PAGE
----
Winds On Water

Screenshot of animated Earth Wind Map from Click on the image to see the animation. (To help orient you, red dots were added to the map for Seattle, San Francisco and Los Angeles)
Screenshot of animated earth wind map from “earth: a global map of wind, weather and ocean conditions.”  Click on the image to see the animation. (I added 3 red dots to the map to help orient you: Seattle, San Francisco and Los Angeles)

8 February 2016

Science Fun:

John English told me about this cool website that animates global weather, especially wind on water.  The website is called earth, “a visualization of global weather conditions forecast by supercomputers updated every three hours.”

Click on the screenshot above to see conditions in the eastern North Pacific. Before you do, here are some tips:

  • In the animation, slow winds are blue to green, intense winds are orange to red.
  • Everywhere on earth, the most exciting winds are those surrounding low pressure systems.  In the northern hemisphere, they circle counter-clockwise. (How to remember this? See below.)
  • Notice the blank zones where there’s no wind. The largest are often in the center of high pressure zones.  Some of these line up with the warm water “Blobs” that are killing seabirds by starvation.
  • If you watch for 60 seconds more winds on the continent will start to show up. They aren’t as intense.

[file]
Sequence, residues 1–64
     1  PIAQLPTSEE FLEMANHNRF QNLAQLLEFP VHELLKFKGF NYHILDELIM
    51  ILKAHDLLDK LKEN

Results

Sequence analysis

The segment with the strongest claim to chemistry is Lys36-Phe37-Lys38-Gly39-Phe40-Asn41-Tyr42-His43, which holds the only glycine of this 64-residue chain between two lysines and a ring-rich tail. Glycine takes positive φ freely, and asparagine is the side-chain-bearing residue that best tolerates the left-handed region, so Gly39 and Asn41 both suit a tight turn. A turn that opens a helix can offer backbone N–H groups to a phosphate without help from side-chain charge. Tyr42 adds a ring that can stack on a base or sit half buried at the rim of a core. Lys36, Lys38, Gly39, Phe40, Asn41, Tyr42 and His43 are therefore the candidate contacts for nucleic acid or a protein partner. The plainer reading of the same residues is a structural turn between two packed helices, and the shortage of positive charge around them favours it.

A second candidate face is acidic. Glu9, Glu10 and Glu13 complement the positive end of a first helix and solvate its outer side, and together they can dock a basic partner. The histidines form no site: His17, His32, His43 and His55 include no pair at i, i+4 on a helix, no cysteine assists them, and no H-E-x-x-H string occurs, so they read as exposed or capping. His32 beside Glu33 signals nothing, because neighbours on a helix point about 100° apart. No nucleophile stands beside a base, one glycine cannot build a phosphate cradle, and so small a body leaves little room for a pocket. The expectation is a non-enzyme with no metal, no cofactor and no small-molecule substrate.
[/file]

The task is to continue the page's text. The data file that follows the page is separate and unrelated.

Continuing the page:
• Click and drag to change the location of the map.
  • Click on the word [earth] at bottom left to change the parameters.  Select a new Mode to see pollution (“chem”) or dust/smoke (“particulate”).

Follow this quick link to see the North Atlantic and Great Lakes map.  There’s usually less excitement here but look north toward Greenland and you’ll see why the North Atlantic is a dangerous place to cross in winter.

And for a really tangled mess of wind click here to see the air flow between South America and Antarctica!

Visit “earth” on Facebook for more screenshots and videos of amazing storms.  You don’t need a Facebook login; just click on the link.

BONUS: Here’s how to identify low and high pressure systems in the northern hemisphere based on the direction the winds are circling. Use the right-hand rule. Curl your fingers in the direction of the winds (B) and point your thumb. The air column (I) is moving in the direction of your thumb. Low pressure sucks the air column up; high pressure pushes it down. The orientation of this diagram would be a low pressure system in the northern hemisphere.

Right-hand rule, illustration linked from Wikipedia

(screenshot of the earth wind map from, right-hand rule illustration from Wikipedia)

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